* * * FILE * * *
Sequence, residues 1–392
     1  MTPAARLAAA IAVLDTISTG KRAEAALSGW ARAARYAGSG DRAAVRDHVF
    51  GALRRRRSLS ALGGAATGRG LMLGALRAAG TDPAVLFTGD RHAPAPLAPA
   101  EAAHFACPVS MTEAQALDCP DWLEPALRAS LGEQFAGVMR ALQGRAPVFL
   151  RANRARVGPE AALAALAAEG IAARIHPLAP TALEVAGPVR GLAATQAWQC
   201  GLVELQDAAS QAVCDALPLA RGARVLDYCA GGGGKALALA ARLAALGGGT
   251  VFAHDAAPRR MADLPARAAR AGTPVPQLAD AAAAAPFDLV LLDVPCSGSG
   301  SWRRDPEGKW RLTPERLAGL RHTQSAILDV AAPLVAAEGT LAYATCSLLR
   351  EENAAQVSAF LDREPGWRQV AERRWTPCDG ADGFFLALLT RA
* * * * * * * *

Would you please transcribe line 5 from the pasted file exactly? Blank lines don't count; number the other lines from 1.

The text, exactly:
   151  RANRARVGPE AALAALAAEG IAARIHPLAP TALEVAGPVR GLAATQAWQC